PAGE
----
A Comprehensive Guide to Google penalties, Manual Actions, and Notifications

A Comprehensive Guide to Google penalties, Manual Actions, and Notifications - MediaOne Marketing Singapore

Let’s dive into the murky depths of Google penalties, Manual Actions, and Notifications. Are you ready to learn everything there is to know about them? Then grab your scuba gear, and let’s get started.

Google penalties are like the sharks of SEO — they can be scary, difficult to detect, and significantly impact your website’s performance in the SERPs.

SEOs refer to them as penalties, whereas Google calls them Manual Actions. A Manual Action is a message sent to web admins telling them their website violates their Search Essentials (previously known as Webmaster Guidelines).

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The specific reasons for manual actions are many and varied and can include keyword stuffing, cloaking or sneaky redirects, unnatural links to or from your site, and user-generated spam.

And the actual penalties can range from barely noticeable to partial or site-wide deindexing.

What’s Google Penalty?

Google hardly uses the term penalty. They use Manual Action instead. 

So, to define, a Google penalty is the negative effect taken on a website for violating Google Search Essentials. It may also mean the website has done something unethical SEO-wise, like keyword stuffing or link spamming. 

The penalty can vary from a mild warning to a complete deindexing of the website and can result in a website getting heavily demoted in the SERPs or removed altogether. 

In short, a Google Penalty must be avoided at all costs. The best way to do this is to follow the Search Essentials carefully and watch for any Google notification you may receive.

Why is It Important to Understand Google Penalties?

Since 2012, Google has been scaling up its communication efforts via Google Search Console (formerly Webmaster Tools) to update web owners on any visibility issues affecting their websites.

You’ll be notified about anything that could negatively impact your website’s ranking or visibility in the SERPs.

In this guide, we try to provide an overview of what these notifications mean and how to best deal with them.

Google euphemistically calls them “warnings,” but they are serious notifications to web admins that their website may have violated their guidelines.

Why Does Google Send Out Manual Actions?

Google sends out manual actions to alert web admins that their website has violated one of the guidelines. 

And they’re solely notifications about violating Google’s webmaster guidelines. 

The warning may also be about failing to secure your website, placing it in a compromising situation where it can be hacked or infected with malicious software.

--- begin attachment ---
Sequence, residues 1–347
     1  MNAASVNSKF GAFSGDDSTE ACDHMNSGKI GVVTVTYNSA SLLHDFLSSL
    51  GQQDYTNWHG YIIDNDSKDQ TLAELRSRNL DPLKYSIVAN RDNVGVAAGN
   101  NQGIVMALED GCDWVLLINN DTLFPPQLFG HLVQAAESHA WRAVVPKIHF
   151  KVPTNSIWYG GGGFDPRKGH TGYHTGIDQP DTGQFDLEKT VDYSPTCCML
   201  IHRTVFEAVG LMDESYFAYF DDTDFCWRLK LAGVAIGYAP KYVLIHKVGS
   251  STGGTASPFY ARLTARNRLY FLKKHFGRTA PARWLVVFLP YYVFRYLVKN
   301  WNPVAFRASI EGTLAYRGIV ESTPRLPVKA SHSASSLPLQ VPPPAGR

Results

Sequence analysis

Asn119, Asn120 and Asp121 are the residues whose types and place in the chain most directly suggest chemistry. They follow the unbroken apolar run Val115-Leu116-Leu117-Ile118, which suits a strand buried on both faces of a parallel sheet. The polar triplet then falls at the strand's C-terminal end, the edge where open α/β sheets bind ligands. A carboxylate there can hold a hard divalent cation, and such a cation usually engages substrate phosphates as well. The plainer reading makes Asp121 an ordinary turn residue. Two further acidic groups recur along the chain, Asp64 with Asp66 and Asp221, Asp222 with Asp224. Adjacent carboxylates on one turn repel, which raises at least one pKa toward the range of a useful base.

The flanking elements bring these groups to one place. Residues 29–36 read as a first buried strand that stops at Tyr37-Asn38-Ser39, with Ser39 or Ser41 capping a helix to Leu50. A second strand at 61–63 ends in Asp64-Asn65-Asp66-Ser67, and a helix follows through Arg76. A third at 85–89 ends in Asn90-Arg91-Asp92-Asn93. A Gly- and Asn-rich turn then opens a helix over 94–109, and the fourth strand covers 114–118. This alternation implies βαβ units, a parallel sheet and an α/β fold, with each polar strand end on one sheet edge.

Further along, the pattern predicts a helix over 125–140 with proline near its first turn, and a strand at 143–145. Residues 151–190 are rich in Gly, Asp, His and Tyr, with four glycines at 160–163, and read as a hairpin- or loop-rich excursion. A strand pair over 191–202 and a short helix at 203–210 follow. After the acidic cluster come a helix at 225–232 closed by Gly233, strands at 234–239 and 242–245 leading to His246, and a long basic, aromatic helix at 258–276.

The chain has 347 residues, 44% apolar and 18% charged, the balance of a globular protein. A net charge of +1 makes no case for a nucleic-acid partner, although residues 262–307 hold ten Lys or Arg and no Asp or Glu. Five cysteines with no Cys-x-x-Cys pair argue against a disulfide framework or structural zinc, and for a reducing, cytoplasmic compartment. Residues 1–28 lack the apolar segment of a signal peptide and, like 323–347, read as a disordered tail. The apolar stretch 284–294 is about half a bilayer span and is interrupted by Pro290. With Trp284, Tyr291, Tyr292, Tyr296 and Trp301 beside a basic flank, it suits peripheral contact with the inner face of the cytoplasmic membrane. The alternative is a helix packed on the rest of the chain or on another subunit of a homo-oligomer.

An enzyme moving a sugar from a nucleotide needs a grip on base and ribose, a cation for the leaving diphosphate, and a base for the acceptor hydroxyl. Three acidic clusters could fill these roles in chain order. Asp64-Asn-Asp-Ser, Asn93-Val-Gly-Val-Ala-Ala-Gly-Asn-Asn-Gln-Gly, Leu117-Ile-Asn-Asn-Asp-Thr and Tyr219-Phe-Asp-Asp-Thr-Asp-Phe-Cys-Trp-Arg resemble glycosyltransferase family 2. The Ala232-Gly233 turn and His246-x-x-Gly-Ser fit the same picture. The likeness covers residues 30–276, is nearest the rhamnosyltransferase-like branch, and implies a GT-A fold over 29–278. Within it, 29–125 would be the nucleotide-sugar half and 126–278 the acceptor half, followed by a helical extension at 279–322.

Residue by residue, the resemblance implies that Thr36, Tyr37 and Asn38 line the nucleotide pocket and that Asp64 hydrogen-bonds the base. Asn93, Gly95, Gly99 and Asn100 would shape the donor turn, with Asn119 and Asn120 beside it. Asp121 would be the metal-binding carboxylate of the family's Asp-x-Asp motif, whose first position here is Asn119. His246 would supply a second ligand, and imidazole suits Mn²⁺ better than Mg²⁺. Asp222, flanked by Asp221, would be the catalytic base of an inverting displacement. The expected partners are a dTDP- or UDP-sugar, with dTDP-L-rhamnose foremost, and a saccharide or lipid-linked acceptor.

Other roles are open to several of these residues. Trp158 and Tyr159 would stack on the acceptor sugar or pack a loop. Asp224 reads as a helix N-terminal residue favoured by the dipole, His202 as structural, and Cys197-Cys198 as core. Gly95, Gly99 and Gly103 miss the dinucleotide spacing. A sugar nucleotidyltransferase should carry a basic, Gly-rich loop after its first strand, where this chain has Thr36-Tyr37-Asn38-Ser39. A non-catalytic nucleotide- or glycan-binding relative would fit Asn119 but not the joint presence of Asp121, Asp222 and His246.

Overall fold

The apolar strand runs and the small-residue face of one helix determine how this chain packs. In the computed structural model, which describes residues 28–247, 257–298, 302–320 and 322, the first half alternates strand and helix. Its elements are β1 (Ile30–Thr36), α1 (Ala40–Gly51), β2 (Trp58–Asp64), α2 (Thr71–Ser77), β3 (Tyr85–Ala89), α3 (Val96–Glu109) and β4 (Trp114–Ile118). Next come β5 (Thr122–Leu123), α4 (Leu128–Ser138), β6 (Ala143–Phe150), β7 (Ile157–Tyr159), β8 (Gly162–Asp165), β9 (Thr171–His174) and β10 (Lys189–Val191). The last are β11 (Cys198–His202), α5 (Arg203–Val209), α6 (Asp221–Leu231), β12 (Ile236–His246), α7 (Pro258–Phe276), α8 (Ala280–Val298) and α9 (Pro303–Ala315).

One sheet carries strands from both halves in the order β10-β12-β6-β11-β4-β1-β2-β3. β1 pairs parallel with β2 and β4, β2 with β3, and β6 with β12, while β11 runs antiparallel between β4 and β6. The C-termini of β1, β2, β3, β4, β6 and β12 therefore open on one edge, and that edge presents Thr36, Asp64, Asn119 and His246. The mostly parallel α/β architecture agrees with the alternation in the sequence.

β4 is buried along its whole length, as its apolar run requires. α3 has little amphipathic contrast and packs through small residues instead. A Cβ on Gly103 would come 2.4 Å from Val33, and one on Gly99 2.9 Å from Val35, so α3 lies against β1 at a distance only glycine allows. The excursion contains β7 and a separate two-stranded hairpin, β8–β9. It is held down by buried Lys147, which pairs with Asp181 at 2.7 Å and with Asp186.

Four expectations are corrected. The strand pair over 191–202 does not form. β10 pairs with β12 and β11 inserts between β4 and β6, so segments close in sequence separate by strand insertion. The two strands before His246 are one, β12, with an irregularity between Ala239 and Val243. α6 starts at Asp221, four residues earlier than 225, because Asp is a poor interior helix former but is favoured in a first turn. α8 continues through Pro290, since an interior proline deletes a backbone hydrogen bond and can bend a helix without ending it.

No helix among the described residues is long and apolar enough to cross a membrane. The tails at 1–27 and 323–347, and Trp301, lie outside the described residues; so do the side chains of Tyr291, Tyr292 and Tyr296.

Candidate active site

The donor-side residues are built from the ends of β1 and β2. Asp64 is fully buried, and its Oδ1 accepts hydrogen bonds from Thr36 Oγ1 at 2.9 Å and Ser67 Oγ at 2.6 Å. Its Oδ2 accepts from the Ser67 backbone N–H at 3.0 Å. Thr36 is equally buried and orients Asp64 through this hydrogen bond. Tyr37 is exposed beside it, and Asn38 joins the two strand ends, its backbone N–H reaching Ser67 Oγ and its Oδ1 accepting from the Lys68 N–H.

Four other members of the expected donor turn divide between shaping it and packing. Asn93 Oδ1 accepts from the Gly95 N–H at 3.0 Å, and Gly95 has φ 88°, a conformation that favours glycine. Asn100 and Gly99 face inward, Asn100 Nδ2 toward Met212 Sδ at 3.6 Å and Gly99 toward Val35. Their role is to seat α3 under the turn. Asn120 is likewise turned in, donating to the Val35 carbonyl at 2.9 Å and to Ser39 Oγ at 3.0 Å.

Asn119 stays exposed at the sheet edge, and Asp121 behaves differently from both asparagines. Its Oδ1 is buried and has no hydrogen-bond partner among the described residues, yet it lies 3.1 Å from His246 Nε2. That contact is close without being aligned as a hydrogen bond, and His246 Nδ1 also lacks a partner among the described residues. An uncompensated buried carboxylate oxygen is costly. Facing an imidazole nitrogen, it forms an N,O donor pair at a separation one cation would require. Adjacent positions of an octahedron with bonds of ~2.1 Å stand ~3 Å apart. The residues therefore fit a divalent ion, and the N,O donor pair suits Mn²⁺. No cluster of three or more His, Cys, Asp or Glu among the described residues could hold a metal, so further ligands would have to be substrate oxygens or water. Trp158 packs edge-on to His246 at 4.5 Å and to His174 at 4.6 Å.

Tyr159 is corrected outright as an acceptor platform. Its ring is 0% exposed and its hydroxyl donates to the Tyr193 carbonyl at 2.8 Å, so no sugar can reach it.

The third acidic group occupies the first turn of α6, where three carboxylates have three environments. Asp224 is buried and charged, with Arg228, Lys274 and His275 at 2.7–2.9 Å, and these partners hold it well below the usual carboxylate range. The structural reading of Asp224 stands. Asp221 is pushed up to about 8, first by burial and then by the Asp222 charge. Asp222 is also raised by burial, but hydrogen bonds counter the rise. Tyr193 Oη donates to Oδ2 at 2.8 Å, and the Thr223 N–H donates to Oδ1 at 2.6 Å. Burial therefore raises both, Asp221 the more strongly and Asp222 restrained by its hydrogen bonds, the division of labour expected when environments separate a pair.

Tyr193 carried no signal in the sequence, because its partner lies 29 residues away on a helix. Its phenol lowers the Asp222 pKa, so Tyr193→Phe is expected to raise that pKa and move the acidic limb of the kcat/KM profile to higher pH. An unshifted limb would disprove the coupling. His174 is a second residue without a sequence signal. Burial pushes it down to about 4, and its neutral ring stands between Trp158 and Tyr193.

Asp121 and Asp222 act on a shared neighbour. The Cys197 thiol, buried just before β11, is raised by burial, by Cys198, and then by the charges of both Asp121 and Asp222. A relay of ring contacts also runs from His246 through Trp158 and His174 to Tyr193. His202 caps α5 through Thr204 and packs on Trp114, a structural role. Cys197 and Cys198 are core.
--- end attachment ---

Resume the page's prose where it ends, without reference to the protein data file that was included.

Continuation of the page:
It may also be about you not implementing structured data correctly or failing to comply with their guidelines when applying for rich snippets on the SERPs.

In other words, every notification contains a piece of information that, if interpreted right, can help you put the pieces together and fix your website. 

The bottom line is you should always act promptly when you receive any kind of notification from Google.

On-page Guideline Notifications and Related Notifications

On-page guideline notifications refer to the notifications that apply to the problems identified on your site. These notifications can be about things like keyword stuffing, cloaking, sneaky redirects, and user-generated spam.

Major Spam Problems

When Google sends you a manual action notification highlighting major spam problems, it’s because they have identified the webpage as spammy with little to no value to the user. 

When this happens, the most severe consequence would have already taken effect, and, in most cases, the website would have been completely deindexed from the SERPs. 

In some cases, the removal would have only affected a subset of your site’s pages.

Google may even highlight the gravity of the violation, referring to the site as pure spam. It happens when your website is stuffed with keywords or uses aggressive spam techniques such as link cloaking, sneaky redirects, content scraping, and user-generated spam. 

  • Link Cloaking: Link cloaking is a black hat SEO technique used to redirect visitors from one page to another without them noticing. 

It is generally done by hiding the true destination of a link in a web page and redirecting the visitor to an alternate page.

  • Content Scraping: Content scraping is a process of copying content from one website to another without the owner’s permission.  

It’s usually done with an automated script or program that searches through web pages and copies whatever content it finds.

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These tricks worked for quite some time until Google stepped up its detection game and started penalizing websites that use them.

Spam Problems

A notification highlighting a spam problem is a toned-down version of the major spam problem. 

It simply refers to a page on your website that Google believes offers little to no value and may have been created with the sole purpose of getting an SEO benefit.

It’s not as serious as a major spam problem, but you might still be dealing with a penalty.